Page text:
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Ottawa clarifies COVID-19 travel exemption on B.C.-U.S. border during floods


OTTAWA — The federal minister of emergency preparedness says border guards have been advised that British Columbia residents can cross into the United States for essential supplies because of flooding in the province after some were reportedly facing fines or told they would have to quarantine on returning to Canada.

Bill Blair said Tuesday the circumstances of those who received tickets for allegedly violating quarantine restrictions is also being reviewed by the Public Health Agency of Canada.

Ottawa approved an exemption from the B.C. government for travellers from specific areas along its south coast to travel to the U.S. to purchase gas or essential supplies and immediately return to Canada without providing a negative PCR test for the virus that causes COVID-19.

A statement from the Canada Border Services Agency says there can be a transition period that "may lead to some inconsistencies" when operational guidelines are changed. 

Denis Vinette, vice-president of the travellers branch and COVID task force at the agency, said "a couple dozen" individuals were fined during a 24-hour period, although he did not have an exact number. 

"We had to shift our approach quickly and get our front-line officers to understand that we are going to broaden the application of that exemption," said Vinette in an interview. "Regrettably, there was a short period of time where, as we're kind of gearing up for that transition, where some individuals were referred to the public health agency and some were subjected to fines in a situation where we'd agreed that we would actually not issue the fines."

He said the agency doesn't issue fines, but officers do assess declarations filed by travellers upon their return to determine whether they're eligible for any of the exemptions and if they are not, they are referred to the public health agency. He said decisions on any penalties under the Quarantine Act rest with the public health agency or police.

Vinette confirmed individuals crossing the border for essentials are no longer being referred for a fine.

The Public Health Agency of Canada said in a statement Tuesday that they reviewed 30 tickets that had been issued in the region over a 24-hour period and have rescinded 16 of them, saying 14 were duly issued Monday. 

"PHAC continues to review all tickets issued since the beginning of the emergency situation in B.C. to ensure that PHAC officers used their full discretion when deciding the best instrument to enforce the Quarantine Act," the statement said.

The agency said travellers who received a ticket but believe their circumstances warranted the use of an emergency exemption are advised to contest it. 

B.C. Public Safety Minister Mike Farnworth said though the border is a federal responsibility, he has spoken with Blair about the issue.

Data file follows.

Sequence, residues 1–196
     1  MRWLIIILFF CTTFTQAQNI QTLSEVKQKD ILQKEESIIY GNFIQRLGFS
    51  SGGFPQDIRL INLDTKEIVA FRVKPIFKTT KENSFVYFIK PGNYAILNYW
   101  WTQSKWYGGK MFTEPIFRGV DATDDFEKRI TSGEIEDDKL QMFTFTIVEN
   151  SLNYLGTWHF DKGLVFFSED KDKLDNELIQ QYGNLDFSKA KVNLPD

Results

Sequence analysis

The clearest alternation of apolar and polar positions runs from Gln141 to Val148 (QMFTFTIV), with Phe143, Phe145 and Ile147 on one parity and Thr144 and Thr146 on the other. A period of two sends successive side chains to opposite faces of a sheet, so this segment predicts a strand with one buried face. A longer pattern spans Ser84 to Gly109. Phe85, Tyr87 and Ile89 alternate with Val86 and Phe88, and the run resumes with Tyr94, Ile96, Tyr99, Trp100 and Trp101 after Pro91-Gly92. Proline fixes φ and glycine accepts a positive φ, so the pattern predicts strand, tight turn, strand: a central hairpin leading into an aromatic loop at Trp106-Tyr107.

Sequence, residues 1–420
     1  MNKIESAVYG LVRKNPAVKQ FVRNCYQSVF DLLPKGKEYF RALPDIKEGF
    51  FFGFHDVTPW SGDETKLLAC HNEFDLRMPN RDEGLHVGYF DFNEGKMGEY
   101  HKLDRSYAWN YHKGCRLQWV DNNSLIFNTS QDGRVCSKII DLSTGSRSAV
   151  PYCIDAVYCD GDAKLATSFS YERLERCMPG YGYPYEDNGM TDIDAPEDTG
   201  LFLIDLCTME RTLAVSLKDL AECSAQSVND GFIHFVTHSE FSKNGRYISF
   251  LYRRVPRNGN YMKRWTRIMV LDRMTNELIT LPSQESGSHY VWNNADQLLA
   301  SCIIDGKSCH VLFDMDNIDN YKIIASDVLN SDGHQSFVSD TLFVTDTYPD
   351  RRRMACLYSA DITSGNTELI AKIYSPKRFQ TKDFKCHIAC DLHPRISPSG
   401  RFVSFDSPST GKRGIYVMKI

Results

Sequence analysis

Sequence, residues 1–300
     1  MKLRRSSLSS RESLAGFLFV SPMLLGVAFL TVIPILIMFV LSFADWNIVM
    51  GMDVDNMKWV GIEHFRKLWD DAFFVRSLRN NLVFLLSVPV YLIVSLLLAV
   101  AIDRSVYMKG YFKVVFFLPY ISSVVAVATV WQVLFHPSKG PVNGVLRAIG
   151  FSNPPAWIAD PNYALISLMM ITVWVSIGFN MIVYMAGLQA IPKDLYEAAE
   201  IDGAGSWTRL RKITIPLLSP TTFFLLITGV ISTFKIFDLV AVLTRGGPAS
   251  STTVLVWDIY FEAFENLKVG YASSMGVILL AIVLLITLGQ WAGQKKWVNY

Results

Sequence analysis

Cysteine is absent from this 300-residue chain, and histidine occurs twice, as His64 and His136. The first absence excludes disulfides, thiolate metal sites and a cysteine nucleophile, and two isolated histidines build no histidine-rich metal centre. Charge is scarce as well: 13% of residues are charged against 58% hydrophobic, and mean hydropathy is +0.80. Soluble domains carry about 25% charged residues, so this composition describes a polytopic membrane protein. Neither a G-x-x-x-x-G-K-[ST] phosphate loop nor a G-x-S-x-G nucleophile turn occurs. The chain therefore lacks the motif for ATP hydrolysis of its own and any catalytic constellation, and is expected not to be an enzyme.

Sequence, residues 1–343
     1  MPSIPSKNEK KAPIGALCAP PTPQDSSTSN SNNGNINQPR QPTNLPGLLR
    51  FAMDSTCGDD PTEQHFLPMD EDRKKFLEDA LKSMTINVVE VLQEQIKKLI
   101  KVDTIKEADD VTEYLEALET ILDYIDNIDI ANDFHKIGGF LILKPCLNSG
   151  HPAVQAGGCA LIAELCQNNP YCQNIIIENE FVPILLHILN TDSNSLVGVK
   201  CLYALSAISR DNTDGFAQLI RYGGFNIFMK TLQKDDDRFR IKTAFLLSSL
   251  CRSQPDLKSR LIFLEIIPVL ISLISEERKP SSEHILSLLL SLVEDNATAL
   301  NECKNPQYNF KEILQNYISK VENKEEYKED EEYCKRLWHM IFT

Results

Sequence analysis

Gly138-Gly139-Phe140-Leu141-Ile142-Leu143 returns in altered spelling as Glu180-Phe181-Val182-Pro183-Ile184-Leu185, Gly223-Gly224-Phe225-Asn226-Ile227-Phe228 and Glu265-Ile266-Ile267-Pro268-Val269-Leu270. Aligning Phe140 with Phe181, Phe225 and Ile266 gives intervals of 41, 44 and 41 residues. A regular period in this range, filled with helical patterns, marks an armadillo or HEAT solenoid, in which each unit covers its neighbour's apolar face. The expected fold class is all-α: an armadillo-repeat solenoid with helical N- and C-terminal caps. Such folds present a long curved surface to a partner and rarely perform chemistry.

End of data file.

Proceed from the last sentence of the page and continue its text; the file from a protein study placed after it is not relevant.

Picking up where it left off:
"The message is that any tickets that have been issued will be revoked," he told a news conference. 

Cloverdale resident Trina Brady said she crossed into the States on Monday morning and bought fuel, two containers of milk and a block of cheese before returning home.

On her way back, she presented her Nexus card, immunization records and her shopping receipts to a border agent, but was then asked if she had a PCR test. 

When she replied she didn't need one, she said the agent told her she was mistaken and presented two options: stay in the United States and get a PCR test or continue into Canada with a $5,750 fine from the health authority for violating the Quarantine Act.

"I decided to take the fine and they gave me a COVID test kit and told me to go and quarantine until I received a negative test," she said. 

She spent the next day calling government and health agencies requesting answers.

"We're really getting nowhere," she said Tuesday night. "All we've gotten was a response from the federal government saying that never should have happened and it was erroneous, but they have yet to lift the quarantine off of me."

In a statement, the border agency says anyone who travels to the U.S. for a non-essential reason, to visit friends, eat at a restaurant or do holiday shopping would not be covered by the relaxed rules.

Blair says the travel exemption for essential supplies was appropriate, but it cannot be abused.

"It doesn't include going to visit family and friends, engage in recreational activities and then gas up on the way back," he told reporters in Ottawa.

Officers and public health agency representatives at border crossings must have the information they need to make the right decisions, said Blair, and "that clarity has been provided." 

— By Beth Leighton and Brieanna Charlebois in Vancouver.

This report by The Canadian Press was first published Nov. 23, 2021.

This story was produced with the financial assistance of the Facebook and Canadian Press News Fellowship.

The Canadian Press

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